On this day over 160 years Aboriginal warrior and leader Dundalli was executed in Brisbane. While he was a resistance fighter for over a decade, he was seen as a murderer and a criminal by the colonial authorities. On the 5th of January each year a small number of dedicated people remember his life and … Continue reading Remembering Dundalli, executed 5 January 1855
During the week Senator Eric Abetz referred to the United States Supreme Court Justice Clarence Thomas as ‘negro’. In the context of Senator Abetz’s comments I would argue that it was not acceptable and demonstrates that the Senator has not moved with the times.
You would have to be in Facebook purgatory not to know about the latest uproar about Adam Goodes. This week David Jones announced that Adam was appointed one of twelve brand ambassadors for the chain, and the crowd went wild (and not in a good way).
Reclaiming and cultivating Indigenous language has to be one of the fundamental principles of self-determination. Language is one of those forces that shapes our understanding of the world, and in turn helps to shape the way we see the world. Language is much more than just “what’s the language word for x?”. While there is … Continue reading Learning Indigenous Language is one of the keys to self-determination
We can’t underestimate the impact that historical thinking has on our thinking today. The Rowley Linewas literally a line drawn by sociologist CD Rowley across a map of Australia to artificially divide Aboriginal Peoples and communities into two distinct and binary groups – colonial/remote and settled.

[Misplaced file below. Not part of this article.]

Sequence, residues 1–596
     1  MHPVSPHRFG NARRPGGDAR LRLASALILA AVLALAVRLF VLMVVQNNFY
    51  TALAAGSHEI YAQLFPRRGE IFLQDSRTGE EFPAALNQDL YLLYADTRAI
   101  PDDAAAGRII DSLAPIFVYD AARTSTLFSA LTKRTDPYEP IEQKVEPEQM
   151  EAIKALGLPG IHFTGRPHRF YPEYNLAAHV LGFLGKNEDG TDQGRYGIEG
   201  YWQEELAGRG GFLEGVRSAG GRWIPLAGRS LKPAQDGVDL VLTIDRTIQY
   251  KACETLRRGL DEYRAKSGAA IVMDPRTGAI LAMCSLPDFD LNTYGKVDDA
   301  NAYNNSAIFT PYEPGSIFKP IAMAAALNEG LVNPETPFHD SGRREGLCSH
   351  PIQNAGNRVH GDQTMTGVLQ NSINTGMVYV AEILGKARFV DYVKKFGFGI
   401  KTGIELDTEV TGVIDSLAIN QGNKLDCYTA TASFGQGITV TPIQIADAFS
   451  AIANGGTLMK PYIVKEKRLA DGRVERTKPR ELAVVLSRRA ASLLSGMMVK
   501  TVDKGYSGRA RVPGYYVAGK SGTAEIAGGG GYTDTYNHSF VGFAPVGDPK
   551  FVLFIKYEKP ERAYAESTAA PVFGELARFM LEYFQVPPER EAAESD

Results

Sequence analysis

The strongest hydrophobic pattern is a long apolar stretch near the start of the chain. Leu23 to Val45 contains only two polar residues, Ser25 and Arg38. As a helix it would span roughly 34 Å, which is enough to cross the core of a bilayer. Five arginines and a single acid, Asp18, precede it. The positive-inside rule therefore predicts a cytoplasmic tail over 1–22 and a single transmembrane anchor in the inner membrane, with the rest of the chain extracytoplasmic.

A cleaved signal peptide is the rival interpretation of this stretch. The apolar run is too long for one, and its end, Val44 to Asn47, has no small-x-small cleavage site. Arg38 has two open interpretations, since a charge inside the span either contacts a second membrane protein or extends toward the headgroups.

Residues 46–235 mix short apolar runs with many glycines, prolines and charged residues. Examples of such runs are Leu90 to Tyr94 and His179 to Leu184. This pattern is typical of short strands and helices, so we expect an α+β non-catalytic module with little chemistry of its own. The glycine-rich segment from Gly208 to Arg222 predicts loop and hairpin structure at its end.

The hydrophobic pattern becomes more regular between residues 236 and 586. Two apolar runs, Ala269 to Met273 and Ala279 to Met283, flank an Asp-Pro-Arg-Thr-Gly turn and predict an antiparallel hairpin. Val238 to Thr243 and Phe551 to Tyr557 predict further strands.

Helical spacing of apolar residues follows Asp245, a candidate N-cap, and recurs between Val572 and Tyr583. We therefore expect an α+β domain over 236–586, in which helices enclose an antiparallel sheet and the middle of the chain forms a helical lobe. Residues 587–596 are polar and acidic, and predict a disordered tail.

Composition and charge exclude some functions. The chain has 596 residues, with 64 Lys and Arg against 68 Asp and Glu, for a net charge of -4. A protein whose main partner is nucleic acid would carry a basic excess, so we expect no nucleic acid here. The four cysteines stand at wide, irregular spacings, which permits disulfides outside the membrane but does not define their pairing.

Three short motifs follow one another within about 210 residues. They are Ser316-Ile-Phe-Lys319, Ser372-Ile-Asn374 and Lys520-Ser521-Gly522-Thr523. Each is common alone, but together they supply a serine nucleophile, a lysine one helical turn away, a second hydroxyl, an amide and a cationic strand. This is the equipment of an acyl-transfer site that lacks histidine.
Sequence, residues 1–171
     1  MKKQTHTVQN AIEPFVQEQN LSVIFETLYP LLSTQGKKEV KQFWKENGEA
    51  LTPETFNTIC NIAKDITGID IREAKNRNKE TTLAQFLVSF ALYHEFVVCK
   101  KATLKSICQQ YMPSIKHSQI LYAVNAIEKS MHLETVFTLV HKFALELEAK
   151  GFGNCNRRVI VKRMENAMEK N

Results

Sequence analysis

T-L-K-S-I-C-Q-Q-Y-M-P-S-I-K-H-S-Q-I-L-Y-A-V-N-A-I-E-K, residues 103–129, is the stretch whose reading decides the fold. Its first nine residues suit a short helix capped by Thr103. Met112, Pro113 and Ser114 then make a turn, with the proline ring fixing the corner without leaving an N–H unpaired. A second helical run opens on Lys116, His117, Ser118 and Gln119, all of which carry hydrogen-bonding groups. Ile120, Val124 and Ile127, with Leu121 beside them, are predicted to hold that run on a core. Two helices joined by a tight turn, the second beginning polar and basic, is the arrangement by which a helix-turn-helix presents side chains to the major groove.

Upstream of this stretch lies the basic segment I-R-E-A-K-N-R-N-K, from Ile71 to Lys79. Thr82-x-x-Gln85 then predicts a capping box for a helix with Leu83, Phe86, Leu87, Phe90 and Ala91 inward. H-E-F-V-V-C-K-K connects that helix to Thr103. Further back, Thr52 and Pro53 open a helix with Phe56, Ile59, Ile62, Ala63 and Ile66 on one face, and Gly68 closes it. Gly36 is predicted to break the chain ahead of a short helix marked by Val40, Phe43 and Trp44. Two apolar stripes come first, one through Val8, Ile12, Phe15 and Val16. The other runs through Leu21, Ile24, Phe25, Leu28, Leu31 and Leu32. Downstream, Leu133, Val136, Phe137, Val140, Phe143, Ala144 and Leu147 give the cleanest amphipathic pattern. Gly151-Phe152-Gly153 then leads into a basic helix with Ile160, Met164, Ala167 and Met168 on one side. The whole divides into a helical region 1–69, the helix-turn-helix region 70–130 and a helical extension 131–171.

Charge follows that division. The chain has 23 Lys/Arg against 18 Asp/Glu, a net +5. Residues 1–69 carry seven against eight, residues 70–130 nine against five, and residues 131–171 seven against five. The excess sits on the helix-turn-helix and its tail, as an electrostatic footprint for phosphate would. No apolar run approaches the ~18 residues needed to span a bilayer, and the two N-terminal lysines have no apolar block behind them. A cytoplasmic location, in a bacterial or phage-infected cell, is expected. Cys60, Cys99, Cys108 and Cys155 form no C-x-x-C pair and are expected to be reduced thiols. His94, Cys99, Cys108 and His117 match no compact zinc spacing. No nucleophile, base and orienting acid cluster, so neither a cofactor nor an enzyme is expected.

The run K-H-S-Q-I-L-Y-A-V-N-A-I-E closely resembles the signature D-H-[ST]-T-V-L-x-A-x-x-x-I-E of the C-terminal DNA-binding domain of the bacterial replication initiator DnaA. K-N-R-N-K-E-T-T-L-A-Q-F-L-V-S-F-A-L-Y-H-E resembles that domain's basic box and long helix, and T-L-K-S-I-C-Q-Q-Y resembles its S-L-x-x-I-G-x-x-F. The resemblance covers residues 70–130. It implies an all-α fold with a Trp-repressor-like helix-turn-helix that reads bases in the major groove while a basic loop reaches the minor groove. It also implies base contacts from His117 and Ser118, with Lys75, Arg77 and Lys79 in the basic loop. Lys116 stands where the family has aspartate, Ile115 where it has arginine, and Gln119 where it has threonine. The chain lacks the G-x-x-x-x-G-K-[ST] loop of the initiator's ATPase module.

The Venice Biennale (la Biennale di Venezia) is the longest running and one of the most prestigious art events in the world. It takes place every two years in Venice, Italy, running for a number of months. The Biennale is usually structured with countries having their own pavillions (these exhibitions are each nations’ official representation), … Continue reading Aboriginal Tent Embassy hits the Venice Biennale 2015
The winner of the 2015 National NAIDOC poster competition has been announced. Congratulations to Elaine Chambers on the winning design.
Too many black and white are falling for unthinking patriotism. Perhaps they/we always have, but in today’s digitally-connected world we see each other’s opinions so much more than in the past.
The news of the BBC’s new seven-part series Banished hit the news stands today. And within hours, the criticism hit the streams. After reading about Banished, I’m not surprised at the criticism. You see, it’s about Australia. In particular it’s apparently about Governor Arthur Phillip, convicts and is set on Australian shores. And guess what? … Continue reading The BBC’s Banished Whitewashes Australian History
Today I had an opportunity to go listen to Anita Sarkeesian speak at the All About Women Festival at the Sydney Opera House. Anita’s presentation and follow-up questions, touched on a number of issues. My take away learnings will land over the next few days as I absorb Anita’s talk, but so far –